There's no one degree or university that was the magic bullet. I have benefited from multiple teachers and institutions in a multi-disciplinary approach. I’ve been fortunate enough to gain an arsenal of skills from studying science and technology in my early years. Then adding policy, political science and management studies in later years. (I’m not done yet either! I’m flirting with creative writing next). I think the more you know about a variety of topics, the more you can connect the dots. That constant craving to constantly know things, learn, understand and absorb, build and play will eventually lead to the ability to see patterns, trends and derive insights from all that knowledge. It’s in the synthesis of all these that creativity/innovation spark emerges.
What about your career have you enjoyed the most and least?
Enjoy the most – people! Enjoy the least – people! Let me explain 😊
The bulk of my day to day is spent understanding my customers’ missions and working out how I can help them with AWS cloud services. How to take customers into different markets, extend their international research collaboration, provide access to VC’s. Through this - I meet very cool people who are leaders and experts in their chosen fields; start-up entrepreneurs, professors, astronauts, researchers, diplomats, educators, – hard working, brilliant, funny humans who want to make a difference. I’m constantly learning and inspired by these interactions.
I’m also fortunate enough to be surrounded by an incredible team of men and women at AWS – the space sector is home to highly skilled professionals around the world and some of these very folks are my colleagues. They are inventors and engineers who hold patents, veterans of the satellite industry, servicemen and women with field experience, ex-space agency and government personnel and young graduates who are trailblazing new pathways for themselves. And they come from all over the world with such rich diverse backgrounds to problem solve, innovate, create, deliver. I couldn’t think of anything more rewarding or enjoyable.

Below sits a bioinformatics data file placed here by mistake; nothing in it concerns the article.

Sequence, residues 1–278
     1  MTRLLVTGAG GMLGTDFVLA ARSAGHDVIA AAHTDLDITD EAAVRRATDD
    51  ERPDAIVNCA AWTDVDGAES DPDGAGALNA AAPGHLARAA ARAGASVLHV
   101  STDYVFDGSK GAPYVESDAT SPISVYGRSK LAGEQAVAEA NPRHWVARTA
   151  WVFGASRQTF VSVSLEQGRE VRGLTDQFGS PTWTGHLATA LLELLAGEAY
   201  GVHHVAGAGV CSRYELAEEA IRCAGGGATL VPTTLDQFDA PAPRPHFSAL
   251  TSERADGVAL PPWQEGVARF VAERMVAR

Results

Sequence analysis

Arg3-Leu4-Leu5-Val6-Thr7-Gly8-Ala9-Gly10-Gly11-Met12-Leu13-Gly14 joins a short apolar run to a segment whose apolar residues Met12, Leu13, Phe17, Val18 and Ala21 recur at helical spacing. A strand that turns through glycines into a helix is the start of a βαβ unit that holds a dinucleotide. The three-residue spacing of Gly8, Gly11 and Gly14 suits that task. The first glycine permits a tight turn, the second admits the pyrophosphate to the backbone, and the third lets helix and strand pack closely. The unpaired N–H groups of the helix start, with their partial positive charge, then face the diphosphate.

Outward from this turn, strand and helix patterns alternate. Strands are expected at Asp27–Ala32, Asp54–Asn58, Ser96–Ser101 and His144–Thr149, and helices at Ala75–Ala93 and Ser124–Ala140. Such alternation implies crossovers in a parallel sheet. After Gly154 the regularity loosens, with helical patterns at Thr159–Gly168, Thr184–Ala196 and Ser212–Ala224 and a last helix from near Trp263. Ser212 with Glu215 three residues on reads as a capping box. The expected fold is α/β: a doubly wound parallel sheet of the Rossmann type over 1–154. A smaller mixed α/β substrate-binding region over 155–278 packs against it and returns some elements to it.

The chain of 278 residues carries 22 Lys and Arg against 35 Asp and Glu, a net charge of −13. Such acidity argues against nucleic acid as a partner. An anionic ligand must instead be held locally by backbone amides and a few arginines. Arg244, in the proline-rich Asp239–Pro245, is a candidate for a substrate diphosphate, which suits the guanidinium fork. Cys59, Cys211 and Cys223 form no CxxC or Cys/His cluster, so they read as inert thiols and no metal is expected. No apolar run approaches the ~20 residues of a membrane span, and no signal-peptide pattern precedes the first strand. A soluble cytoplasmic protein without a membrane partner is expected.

I’m also an introvert - someone who is energized by having plenty of time to think and ponder and recharge (alone, preferably), and who is drained by too many interpersonal interactions and activities. Over the past couple of decades, I’ve had to push myself from being the kid at the back of the class terrified of being called on to present by the teacher to literally presenting at conferences. Those who identify as introvert will understand the rising tide of panic and anxiety at the mere mention of public speaking or the prospect of the spotlight falling on you at large events. The work of Susan Cain on the power of introverts and on workplace diversity (cognitive diversity in addition to gender, age, ethnicity) has made it encouragingly clear that introverts can be successful in business. And there’s plenty of tactics for all introverts to deploy in the workplace to stay sane while being part of the melee. Still, I occasionally shudder when I see a three-day extended team offsite show up in my calendar.
Where do you see the most promising career opportunities in the future?
Software (digital literacy and cloud fluency) will continue to accelerate digitization and automation in space, health, education and sustainability. In November 2021, AlphaBeta compiled a study commissioned by AWS titled “Building Skills for the Changing Workforce” - it revealed the pressing need for digital skills for employers and workers. The study showed that the most in-demand skill sought after by employers by 2025 is the ability to use cloud-based tools. Recognising the importance of this, AWS committed more than $1.2 billion to provide free education and skills training opportunities to more than 300,000 of our own employees to help them secure new, high-growth jobs. AWS also started an initiative to provide free cloud computing skills training to 29 million people around the world by 2025.
What advice/resources would you share with the next generation? Ouch...this makes me feel old! I have two things to offer: